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Faculty Spotlight: Kimberly Sena Moore

By Kimberly Sena Moore

Faculty Spotlight: Kimberly Sena Moore

By Kimberly Sena Moore
Get to know how Kimberly Sena Moore fosters her students’ development in a way that empowers critical thinking, depth and integration of knowledge, and curiosity in this faculty spotlight.
  • Ph.D., MT-BC
  • Assistant Professor of Professional Practice at the Frost School of Music
What drives you as a professor?

My students’ curiosity, and desire to understand concepts more deeply is what drives me. I work closely with music therapy majors and see them in a course almost every semester throughout their undergraduate career. It is amazing to watch them grow, develop, and mature in their musical, clinical, and personal skills. I also appreciate their thoughtfulness and passion for the work.

What is your teaching philosophy?

I aim to foster my students’ development in a way that empowers critical thinking, depth and integration of knowledge, and curiosity. I believe that knowledge and skills are constructed over time; thus, I value the experiences students bring to their learning and believe it can inform their growth, so I help them make connections between their experience and new knowledge. There are different ways both to learn and to assess learning; I strive to provide varied learning opportunities and multiple types of assessments for my students.

How do you engage your students in the classroom?

I teach all my core courses in a flipped classroom model, meaning my lectures are prerecorded, so students come to class not only having completed the reading but also having watched the lecture. This affords us class time to review material, do small group work, complete role play simulations, and watch clinical video examples—whatever best suits the topic. All the courses I teach are well suited for this approach. One advantage of the flipped classroom is that students can’t not engage because our in-class work is so participatory. I also try to build in multiple ways for students to be engaged, so they do not feel they can only participate if they raise their hands and talk in front of the whole class. For example, most class periods start with a three- to five-minute writing activity, where students respond to a question or prompt on the day’s topic. Or I may have students discuss a topic with the person sitting next to them for a couple of minutes.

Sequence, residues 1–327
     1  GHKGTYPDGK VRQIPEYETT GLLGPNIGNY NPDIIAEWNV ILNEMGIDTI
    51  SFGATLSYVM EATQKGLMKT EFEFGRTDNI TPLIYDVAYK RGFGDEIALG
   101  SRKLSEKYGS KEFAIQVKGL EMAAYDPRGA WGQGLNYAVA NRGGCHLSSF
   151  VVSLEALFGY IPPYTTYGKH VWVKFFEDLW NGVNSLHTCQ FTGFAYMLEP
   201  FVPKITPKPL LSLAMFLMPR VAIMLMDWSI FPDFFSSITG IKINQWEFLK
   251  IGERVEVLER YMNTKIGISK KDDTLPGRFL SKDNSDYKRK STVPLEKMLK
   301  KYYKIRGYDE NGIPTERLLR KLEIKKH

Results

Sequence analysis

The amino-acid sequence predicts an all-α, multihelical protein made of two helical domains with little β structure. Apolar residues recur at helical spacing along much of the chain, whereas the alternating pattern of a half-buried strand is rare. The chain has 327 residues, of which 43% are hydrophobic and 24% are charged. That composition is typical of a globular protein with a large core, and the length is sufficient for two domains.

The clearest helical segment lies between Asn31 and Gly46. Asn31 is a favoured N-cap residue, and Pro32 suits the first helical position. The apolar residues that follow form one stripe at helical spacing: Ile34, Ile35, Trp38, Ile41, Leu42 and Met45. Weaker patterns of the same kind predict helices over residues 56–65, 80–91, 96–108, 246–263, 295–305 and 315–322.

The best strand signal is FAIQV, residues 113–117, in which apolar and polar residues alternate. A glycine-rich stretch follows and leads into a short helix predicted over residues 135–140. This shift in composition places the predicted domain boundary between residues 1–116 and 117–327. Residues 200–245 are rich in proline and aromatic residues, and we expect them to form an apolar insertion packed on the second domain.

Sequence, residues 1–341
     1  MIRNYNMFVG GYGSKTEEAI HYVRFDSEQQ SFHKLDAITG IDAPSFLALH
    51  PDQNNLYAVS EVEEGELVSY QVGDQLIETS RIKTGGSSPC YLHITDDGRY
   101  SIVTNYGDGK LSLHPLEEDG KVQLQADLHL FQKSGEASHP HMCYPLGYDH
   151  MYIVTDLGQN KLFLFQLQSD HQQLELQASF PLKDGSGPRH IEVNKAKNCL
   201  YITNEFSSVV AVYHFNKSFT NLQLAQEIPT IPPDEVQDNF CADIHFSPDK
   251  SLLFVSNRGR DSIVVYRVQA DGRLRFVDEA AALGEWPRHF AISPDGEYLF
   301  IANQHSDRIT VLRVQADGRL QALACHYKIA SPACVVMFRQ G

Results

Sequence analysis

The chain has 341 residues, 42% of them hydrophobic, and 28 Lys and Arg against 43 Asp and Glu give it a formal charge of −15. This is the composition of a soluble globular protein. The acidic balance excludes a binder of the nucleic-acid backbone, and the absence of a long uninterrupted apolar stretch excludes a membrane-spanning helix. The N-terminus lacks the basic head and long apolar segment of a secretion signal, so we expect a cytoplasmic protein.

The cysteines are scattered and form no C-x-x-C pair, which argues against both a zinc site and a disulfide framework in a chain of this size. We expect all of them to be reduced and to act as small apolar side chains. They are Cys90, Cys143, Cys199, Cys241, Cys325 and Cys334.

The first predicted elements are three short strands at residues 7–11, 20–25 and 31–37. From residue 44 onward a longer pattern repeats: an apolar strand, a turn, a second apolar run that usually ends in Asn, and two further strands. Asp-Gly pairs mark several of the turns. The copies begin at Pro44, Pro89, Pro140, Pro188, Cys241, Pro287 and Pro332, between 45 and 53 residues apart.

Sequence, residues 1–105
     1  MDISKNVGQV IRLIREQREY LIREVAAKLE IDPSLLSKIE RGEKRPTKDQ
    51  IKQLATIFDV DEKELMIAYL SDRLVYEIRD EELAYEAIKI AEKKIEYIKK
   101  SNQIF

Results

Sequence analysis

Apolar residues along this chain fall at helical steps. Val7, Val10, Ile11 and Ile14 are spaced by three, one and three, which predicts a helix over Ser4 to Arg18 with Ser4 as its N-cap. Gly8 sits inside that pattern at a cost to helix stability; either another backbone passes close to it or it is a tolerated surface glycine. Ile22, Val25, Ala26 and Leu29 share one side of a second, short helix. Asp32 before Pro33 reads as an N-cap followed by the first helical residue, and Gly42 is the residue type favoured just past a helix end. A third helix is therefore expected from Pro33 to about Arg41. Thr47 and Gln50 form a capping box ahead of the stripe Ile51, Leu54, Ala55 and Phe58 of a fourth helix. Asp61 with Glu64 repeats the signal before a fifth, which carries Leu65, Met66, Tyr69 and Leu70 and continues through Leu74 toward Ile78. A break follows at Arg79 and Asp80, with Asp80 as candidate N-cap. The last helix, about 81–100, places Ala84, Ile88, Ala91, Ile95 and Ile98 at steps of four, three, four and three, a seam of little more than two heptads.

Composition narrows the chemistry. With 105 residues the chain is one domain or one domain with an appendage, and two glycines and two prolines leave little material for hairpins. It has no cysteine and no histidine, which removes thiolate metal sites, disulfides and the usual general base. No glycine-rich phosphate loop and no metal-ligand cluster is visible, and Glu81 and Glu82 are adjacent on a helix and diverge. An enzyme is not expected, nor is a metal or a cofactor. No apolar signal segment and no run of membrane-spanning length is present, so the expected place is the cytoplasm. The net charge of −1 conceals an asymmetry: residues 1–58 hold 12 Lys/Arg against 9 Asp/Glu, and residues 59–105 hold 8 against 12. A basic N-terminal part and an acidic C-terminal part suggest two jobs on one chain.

Do you conduct research and, if so, do you involve undergraduate students in your research?

Yes, my primary research line focuses on developing a music intervention to help preschoolers who are neurodevelopmentally at risk to practice and learn how to self-regulate their emotions. I just finished running a study at a local Head Start facility last fall and will be analyzing the data this spring and preparing the manuscript. I do have an undergraduate student assisting me. We were connected by the Office of Undergraduate Research and Community Outreach and it has been a great experience—hopefully for both of us! I hope to continue involving undergraduates in my research.

What is your advice for someone thinking of studying music therapy?

If I were to give my students one piece of advice, it would be to keep learning. Commit to being a lifelong learner. This can happen in so many ways, through reading, learning from our clients, participating in continuing education opportunities, earning an advanced degree, completing a specialty training, and more. This will help you grow personally and professionally and will keep you engaged in the important work you will be doing.